Crappie fishing is reported to be slow in the tidal Potomac and other tidal rivers. Deep structure is usually where you will find them during the summer months. Bluegills offer some fun fishing this time of the year in the ponds and lakes that dot the Maryland landscape. A simple bobber and worm will work for the younger set, but if you’d like to enjoy some exciting action try using small rubber-legged poppers or similar topwater insect lures. They can be fished with an ultra-light spinning outfit or a lightweight fly rod.
The largemouth bass is always a popular target for freshwater fishermen and provides plenty of fun fishing wherever they are found. Tidal rivers such as those on the Eastern Shore offer plenty of room to enjoy some peaceful fishing. Farm ponds and reservoirs always offer relatively easy access and great fishing experiences. The largemouth bass is now in their summer mode of behavior. They feed in the shallower areas at night and retreat to cool shade during the day. Northern snakeheads will be part of the mix when fishing topwater lures such as buzzbaits or frogs over thick grass – they will usually reside there all summer as long as the grass lasts. They are ambush predators and the grass offers perfect cover. Snakeheads are spreading rapidly throughout the Chesapeake watershed so you might find one where you never expected it.
The Atlantic Ocean and Coastal Bays
Surf fishermen are finding a typical summer mix of species along the Ocean City and Assateague Island beaches. Kingfish are plentiful and can be caught on pieces of bloodworm or Fishbites in the surf. There are small bluefish in the surf and casting finger mullet on a bottom rig tends to be the best way to catch them. Large baits such as clams and menhaden are catching cownose rays, inshore shark species, and the occasional black drum and cobia.
At the inlet and Route 50 Bridge area, sheepshead is starting to show up, so many are switching to sand fleas for bait. Small bluefish continue to move in and out of the area and casting Got-Cha lures have been a popular way to catch them. There is also striped bass in the area and most are below the 28-inch minimum, but they do provide some fun fishing action. Flounder can be found in the area also and a favorite target of shore-bound anglers. Casting soft plastic baits or the traditional squid strip and walking them along the bottom in the current is the best way to catch them.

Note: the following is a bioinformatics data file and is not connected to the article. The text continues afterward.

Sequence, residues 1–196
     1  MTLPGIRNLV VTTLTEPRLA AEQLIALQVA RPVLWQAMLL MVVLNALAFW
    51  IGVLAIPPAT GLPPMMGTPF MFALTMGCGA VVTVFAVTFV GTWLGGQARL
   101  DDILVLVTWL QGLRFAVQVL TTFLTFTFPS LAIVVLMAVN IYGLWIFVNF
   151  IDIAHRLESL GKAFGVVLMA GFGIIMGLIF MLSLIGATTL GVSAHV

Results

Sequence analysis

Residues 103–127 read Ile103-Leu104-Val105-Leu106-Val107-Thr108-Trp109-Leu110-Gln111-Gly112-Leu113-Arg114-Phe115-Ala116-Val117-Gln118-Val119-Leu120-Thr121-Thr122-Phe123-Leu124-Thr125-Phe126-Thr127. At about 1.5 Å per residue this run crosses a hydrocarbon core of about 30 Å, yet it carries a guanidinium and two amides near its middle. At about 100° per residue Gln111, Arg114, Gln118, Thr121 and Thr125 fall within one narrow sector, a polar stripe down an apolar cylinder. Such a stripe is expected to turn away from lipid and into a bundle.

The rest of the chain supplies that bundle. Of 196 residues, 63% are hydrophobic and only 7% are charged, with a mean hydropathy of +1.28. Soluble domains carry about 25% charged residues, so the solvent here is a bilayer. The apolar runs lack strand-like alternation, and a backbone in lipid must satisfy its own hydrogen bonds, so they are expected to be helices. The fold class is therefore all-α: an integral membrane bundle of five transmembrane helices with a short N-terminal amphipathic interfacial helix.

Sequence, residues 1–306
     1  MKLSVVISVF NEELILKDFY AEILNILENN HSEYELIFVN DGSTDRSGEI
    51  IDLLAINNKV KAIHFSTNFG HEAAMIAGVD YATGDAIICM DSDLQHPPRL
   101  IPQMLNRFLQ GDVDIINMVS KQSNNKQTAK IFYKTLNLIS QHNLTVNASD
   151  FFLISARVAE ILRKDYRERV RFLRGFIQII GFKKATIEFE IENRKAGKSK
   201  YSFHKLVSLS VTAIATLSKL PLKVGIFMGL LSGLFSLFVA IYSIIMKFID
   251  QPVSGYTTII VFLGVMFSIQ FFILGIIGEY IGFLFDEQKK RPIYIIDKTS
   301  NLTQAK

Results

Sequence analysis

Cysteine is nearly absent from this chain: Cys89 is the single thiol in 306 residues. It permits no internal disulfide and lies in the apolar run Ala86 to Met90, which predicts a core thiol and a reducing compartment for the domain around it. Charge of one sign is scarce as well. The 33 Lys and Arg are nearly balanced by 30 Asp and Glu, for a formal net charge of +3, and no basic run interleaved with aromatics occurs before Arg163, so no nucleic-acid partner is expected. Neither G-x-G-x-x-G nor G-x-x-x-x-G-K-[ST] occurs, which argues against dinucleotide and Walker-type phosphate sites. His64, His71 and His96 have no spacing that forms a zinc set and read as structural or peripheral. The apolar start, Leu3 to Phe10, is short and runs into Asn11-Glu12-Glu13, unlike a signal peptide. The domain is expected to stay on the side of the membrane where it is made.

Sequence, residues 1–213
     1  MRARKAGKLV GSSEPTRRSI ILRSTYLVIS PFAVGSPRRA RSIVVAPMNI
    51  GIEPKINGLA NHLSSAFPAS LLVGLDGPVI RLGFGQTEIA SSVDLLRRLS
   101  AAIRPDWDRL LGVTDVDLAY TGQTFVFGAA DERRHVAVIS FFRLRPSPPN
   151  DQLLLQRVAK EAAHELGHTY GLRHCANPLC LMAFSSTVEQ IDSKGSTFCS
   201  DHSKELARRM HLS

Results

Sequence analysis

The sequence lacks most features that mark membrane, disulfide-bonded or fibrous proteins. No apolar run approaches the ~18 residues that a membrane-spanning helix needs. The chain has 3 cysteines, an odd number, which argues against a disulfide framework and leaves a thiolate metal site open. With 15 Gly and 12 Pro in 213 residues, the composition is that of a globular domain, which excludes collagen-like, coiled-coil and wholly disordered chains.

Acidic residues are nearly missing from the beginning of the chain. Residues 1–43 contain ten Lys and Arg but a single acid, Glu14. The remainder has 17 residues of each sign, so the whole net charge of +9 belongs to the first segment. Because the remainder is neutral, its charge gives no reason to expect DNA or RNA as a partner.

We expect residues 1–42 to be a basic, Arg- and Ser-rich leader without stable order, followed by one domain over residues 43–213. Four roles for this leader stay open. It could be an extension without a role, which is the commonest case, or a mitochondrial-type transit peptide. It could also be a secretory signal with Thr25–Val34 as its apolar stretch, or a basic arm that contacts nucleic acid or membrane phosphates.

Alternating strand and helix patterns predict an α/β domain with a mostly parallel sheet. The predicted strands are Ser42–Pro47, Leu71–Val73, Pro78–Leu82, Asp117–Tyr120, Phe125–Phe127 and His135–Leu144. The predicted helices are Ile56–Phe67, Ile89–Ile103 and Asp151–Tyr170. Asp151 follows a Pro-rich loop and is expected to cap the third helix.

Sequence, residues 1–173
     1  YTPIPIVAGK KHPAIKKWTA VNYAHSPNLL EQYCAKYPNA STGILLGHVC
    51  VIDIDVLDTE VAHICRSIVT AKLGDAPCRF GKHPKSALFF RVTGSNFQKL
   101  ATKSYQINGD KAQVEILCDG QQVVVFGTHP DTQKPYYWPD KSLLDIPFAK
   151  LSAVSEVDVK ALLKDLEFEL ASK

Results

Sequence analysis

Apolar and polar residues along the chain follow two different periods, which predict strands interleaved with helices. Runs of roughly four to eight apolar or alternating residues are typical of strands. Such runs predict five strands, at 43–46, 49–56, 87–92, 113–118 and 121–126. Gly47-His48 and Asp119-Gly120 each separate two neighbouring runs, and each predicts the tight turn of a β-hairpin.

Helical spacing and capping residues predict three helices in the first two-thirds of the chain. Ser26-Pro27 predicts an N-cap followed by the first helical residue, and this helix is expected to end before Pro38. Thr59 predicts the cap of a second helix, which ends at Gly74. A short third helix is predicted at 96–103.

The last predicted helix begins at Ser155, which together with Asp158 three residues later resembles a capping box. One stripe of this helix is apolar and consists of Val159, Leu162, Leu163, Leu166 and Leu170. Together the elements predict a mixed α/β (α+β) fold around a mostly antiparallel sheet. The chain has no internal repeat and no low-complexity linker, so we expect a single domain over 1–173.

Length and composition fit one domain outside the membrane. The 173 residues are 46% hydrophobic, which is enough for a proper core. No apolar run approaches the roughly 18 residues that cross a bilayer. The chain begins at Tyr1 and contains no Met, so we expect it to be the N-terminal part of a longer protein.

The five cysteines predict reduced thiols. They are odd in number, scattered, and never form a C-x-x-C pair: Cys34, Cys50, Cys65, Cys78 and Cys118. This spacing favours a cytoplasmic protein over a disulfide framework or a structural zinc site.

Fishing for flounder in the back bay channels is in full swing and so is the boat traffic. so be careful when fishing in the channels close to the inlet. Large sport fishing boats will be returning to ports in the afternoon hours and are usually moving at a good pace. Some of the lesser-used channels such as Sinepuxent Bay near the airport offer less boat traffic and good fishing. Large white or pink Gulp type baits have been a great way to catch the larger flounder, while squid and minnows are the traditional baits.
Outside the inlet, those trolling the 30 Fathom Lumps have been catching a mix of false albacore, Atlantic bonito, bluefish and the occasional dolphin, and bluefin tuna. Farther out, the Washington Canyon has been the place to find yellowfin tuna. Many boats are reporting double-digit catches of yellowfins in the 35-pound range, along with gaffer dolphins. There is also a mix of Bluefin tuna, bigeye tuna, mako sharks, white marlin and at least one blue marlin was caught recently.
As a final note, offshore anglers are reminded to turn in catch cards for bluefin tuna, billfish and sharks.
“The charm of fishing is that it is the pursuit of something that is elusive but attainable, a perpetual series of occasions for hope.” — John Buchan
Maryland Fishing Report is written and compiled by Keith Lockwood, Maryland Department of Natural Resources fisheries biologist.
Click Before You Cast is written by Tidewater Ecosystem Assessment Director Tom Parham.
This report is now available on your Amazon Echo device — just ask Alexa to “open Maryland Fishing Report.”